New editions of the Commercial Court Guide and Circuit Commercial Court Guide published

The new editions of the Commercial Court Guide (11th edition) and Circuit Commercial Court Guide are published today.

The new edition of the Commercial Court Guide reflects a variety of changes to practice – some brought about by the COVID-19 pandemic (default electronic bundles and more use of technology and remote hearings), some reflecting  innovations such as the Disclosure Pilot and Practice Direction 57AC on trial Witness Statements.

There are also changes to the process for listing trials, the range of options which the court will regularly consider for foreign law evidence and to default maximum hearing times for different types of applications.

Other points include: (i) encouragement of the use of junior advocates where appropriate (ii) a process for summary determination of jurisdiction challenges in arbitration and (iii) an encouragement to parties to keep the question of what evidence (both documentary and witness) is actually needed to resolve the issues under active review from an early stage.

The scheme of the new Circuit Commercial Court Guide is expressly to follow the new Commercial Court Guide, subject to clearly identified exceptions. It is shorter by design than the previous edition and is concerned with practical matters not covered elsewhere. It is expressed  in terms that enable all users to understand what is expected.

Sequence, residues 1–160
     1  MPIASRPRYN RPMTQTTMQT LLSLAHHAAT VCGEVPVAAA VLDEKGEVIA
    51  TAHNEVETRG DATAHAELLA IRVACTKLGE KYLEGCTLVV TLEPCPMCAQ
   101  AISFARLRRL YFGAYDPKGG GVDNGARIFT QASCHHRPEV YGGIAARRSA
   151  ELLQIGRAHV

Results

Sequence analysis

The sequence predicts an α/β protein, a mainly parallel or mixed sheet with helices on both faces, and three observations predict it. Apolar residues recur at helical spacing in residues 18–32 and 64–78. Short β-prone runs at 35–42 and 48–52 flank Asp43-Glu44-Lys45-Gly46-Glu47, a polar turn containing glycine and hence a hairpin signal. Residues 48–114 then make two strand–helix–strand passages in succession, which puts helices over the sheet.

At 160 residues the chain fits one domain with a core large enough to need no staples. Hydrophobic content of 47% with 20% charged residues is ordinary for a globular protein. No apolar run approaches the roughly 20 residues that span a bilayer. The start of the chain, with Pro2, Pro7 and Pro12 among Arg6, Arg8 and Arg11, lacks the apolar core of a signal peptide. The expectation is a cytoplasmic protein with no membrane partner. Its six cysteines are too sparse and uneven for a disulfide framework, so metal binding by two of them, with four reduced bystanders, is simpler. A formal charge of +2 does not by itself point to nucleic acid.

It encourages, wherever possible, practices that reduce cost and delay, establishes a new default paperless approach to both trials and applications, emphasises the expectation that all hearings of half a day or less will take place remotely and provides guidance of the use of new Circuit Commercial forms.

The changes to the Guides have been consulted on by the Judges of the Courts with the Courts’ regular users.

Launching the new Guides, Mrs Justice Cockerill, the Judge in charge of the Commercial Court, said: “The new Guides update practices, with a view to reflecting developments in the way users now work and to conduct cases more efficiently. They also bring the approach of the Circuit Commercial Courts around the country more closely in line with the Commercial Court.”

The Lord Chief Justice, Lord Burnett of Maldon, has welcomed publication in a foreword to the Commercial Court Guide as “another significant step in the Court’s responsive approach to ensuring that it maintains its core mission: providing speedy, efficient, and high-quality dispute resolution for commercial users, so as to give them certainty when making transactions, and to let them get on with the business of doing business.”

Both Guides are available to read below.